The Four of Wands is my lesson in this mess.  This card has special significance for me at this time in my life, as I am feeling the return of Venus in my natal Aries in some interesting ways, and the Four of Wands is assigned to Venus in Aries according to the Golden Dawn tradition most tarot decks are based on.  Fours are stable, Wands are passion and inspiration, so this card represents marriage perfectly as passion that has been stabilized.  My lesson is to stabilize all the passion I feel, which has at times manifested as hurt to be drowned out with substances, and at times living life on the edge.  I don't have to live that way anymore, and I am not doomed to repeat the mistakes of my parents.  I can and do live in a happy marriage, the cradle of a happy family life.  My children have parents who adore them, who put their needs first and who make sure they know it.  One of the beautiful things about having kids is the chance to redo your own childhood, if you are aware enough to rewrite those patterns.
Tarot of the Mystic Spiral- Five of Wands

The Shadow card of this reading, some extra bit of information I am avoiding or don't really want to see is the Five of Wands.  This rendition shows the tangled webs we weave, and I often see the Five of Wands as internal conflict.  In my own world, I know that I can have a tendency to blame the utter crapfest that was my childhood for everything that happens now.  My teeth are garbage because my mother never saw fit to take us to the Medicaid dentist.  I have trust issues because my parents broke it over and over.  I could go on and on, but there is no point.  The past can't be fixed, and to dwell there only tangles myself up in negativity.  I am the lady in this picture, and I am too big now, spiritually and emotionally, to be caught in the spiders' web.  It's gossamer, to float away on the wind.

I wish Whitney and Vern, both souls who liked to live fast and had innumerable gifts to offer to the world, the kind of peace I don't think either of them ever knew in life.  I offer up the affection I had for her music, and the way I wanted to be able love him, in honor and trust that the Hereafter offers more chances to be exactly who we are meant to be, and the hope that they both find that.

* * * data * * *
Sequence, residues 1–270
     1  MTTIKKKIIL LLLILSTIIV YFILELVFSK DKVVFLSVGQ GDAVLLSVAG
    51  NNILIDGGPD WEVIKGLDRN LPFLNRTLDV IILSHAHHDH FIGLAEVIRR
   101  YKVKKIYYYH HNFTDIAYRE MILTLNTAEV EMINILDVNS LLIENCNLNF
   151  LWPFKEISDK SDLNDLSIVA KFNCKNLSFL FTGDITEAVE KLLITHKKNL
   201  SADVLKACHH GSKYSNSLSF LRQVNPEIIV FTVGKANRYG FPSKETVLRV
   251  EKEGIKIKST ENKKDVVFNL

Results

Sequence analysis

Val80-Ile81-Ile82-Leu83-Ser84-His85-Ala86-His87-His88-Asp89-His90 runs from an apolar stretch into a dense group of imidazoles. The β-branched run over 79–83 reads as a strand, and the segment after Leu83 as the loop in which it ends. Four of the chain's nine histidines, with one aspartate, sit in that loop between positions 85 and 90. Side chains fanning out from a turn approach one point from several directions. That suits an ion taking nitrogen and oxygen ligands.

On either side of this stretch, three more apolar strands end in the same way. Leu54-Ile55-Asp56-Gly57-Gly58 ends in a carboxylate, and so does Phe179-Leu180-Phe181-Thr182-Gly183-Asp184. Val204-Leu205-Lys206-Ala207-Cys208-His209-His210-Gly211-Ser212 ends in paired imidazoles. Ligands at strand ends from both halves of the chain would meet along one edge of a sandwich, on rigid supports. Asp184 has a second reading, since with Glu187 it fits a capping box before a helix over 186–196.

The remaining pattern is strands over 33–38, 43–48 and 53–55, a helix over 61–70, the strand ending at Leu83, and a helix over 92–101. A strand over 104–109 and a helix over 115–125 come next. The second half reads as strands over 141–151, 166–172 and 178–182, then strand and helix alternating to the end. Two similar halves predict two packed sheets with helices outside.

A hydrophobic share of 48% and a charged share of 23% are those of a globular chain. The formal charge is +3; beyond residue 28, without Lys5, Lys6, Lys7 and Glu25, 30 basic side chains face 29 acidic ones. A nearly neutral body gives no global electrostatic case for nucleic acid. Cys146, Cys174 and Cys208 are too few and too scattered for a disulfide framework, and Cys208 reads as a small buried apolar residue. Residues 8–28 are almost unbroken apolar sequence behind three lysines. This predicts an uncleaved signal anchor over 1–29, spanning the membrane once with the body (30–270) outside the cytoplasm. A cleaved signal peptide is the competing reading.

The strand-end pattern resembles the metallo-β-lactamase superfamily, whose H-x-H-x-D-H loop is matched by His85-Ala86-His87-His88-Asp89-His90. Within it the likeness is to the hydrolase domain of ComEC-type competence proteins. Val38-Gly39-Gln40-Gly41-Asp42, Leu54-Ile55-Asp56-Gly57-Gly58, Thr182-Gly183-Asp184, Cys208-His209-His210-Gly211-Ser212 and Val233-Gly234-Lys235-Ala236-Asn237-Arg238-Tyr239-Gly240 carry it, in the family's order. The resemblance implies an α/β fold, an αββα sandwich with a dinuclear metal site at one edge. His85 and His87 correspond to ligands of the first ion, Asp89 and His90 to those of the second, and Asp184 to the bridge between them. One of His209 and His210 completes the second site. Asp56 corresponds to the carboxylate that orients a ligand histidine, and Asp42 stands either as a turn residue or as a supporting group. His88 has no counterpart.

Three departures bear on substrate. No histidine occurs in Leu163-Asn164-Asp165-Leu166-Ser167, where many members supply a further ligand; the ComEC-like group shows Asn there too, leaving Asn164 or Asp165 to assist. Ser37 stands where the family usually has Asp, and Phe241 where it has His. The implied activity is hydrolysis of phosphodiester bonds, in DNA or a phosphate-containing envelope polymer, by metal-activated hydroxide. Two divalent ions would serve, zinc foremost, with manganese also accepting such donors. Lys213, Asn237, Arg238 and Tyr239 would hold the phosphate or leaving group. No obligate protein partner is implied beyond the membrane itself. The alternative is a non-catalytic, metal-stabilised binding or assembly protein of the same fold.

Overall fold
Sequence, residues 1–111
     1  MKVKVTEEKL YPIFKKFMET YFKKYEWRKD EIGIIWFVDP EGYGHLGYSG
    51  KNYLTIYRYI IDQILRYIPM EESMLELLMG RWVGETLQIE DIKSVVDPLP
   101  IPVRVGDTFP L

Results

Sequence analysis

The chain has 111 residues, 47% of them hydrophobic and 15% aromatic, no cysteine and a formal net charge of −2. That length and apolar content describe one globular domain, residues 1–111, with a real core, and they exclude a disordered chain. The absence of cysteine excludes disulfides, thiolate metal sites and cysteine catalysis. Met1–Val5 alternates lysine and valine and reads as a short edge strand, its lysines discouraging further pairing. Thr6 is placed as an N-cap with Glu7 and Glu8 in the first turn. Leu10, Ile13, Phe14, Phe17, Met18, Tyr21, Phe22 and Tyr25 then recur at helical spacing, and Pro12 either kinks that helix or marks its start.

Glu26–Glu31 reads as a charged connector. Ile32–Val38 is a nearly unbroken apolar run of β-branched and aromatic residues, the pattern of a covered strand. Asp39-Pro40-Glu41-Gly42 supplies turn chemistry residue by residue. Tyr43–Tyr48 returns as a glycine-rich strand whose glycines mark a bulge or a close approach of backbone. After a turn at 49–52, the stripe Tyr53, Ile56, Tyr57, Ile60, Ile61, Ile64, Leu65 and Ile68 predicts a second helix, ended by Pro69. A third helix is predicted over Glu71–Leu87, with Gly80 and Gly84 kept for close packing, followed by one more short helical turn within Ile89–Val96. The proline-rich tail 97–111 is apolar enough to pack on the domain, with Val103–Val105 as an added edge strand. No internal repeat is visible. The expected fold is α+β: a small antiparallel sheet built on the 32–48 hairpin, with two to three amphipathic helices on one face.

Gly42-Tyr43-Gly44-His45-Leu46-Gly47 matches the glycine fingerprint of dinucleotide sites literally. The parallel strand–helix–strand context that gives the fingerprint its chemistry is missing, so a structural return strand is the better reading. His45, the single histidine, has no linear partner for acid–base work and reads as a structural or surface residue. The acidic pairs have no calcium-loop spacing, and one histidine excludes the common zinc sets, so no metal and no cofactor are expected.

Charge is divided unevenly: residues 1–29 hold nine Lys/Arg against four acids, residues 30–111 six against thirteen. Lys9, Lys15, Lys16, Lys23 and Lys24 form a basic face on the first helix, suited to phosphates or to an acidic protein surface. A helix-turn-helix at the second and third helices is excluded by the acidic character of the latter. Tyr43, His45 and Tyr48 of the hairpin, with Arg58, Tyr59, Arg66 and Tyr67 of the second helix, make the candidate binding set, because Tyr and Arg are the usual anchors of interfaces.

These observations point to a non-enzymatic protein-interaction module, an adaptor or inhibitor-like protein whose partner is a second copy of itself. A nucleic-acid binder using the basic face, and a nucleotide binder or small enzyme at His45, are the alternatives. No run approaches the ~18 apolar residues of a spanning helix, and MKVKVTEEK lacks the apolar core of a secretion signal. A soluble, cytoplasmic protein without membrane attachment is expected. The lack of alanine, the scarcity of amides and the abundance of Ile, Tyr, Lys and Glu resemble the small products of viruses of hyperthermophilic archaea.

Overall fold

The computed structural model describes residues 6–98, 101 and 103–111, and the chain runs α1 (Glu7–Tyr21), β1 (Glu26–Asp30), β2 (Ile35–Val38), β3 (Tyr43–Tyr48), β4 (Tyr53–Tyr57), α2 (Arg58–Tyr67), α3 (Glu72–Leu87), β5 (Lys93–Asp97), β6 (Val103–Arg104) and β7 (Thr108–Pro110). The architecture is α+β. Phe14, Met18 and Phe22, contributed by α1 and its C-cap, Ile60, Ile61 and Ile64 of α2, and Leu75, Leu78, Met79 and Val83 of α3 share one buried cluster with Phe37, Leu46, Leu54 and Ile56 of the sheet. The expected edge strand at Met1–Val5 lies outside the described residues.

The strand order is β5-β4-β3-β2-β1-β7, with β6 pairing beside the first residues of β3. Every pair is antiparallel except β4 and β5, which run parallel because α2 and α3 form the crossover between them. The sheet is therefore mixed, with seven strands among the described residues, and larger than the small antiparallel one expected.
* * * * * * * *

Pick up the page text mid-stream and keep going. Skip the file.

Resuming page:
These cards are from Tarot of the Mystic Spiral by Giovanni Pelosini and Giuseppe Palumbo, published by Lo Scarabeo.

Monday, February 20, 2012

Deck Interview with Tarot of the Mystic Spiral

Tarot of the Mystic Spiral- The Stars, Temperance, The Hanged Man
All Majors tell me this is a deck with something to say, right off the bat!  I like it.  Mars and Venus are conjunct for me, and I have found that makes me crave intensity.

I want very much to go back to daily blogging and weekly use of a single deck, because that has been the time I have been happiest with my personal tarot practice, and I am an advocate for going with what works.  This week I have chosen Tarot of the Mystic Spiral, illustrated by Giuseppe Palumbo, with the Little White Book written by Giovanni Pelosini, published in 2011 by Lo Scarabeo.

The first question was, "What can I expect from you as a deck?"  The Stars, a bright omen of healing and tenderness, as well as the eternal symbol of hope.  I find this rendition exceptionally beautiful, as well, the misty air and of course the gorgeous femininity.  I can expect this deck to always be pointing the way to beauty, hope, and healing.  That is a pretty great quality in a deck!

The second question was, "What shall be my end of the bargain?"  and Temperance was the answer, which is amusing to me, because learning to be temperate is one of my life's biggest lessons.  I think of this card as the active management of life, and I think of it as "doing the work" ala Steven Pressfield.  So, to work effectively with this deck I need to remember that slow and steady wins the race.  This is another healing card, being associated with Sagittarius, where my Moon sign lays, so I can know that this deck is going to appeal to my emotions at times, and help me to process them in a healthy way.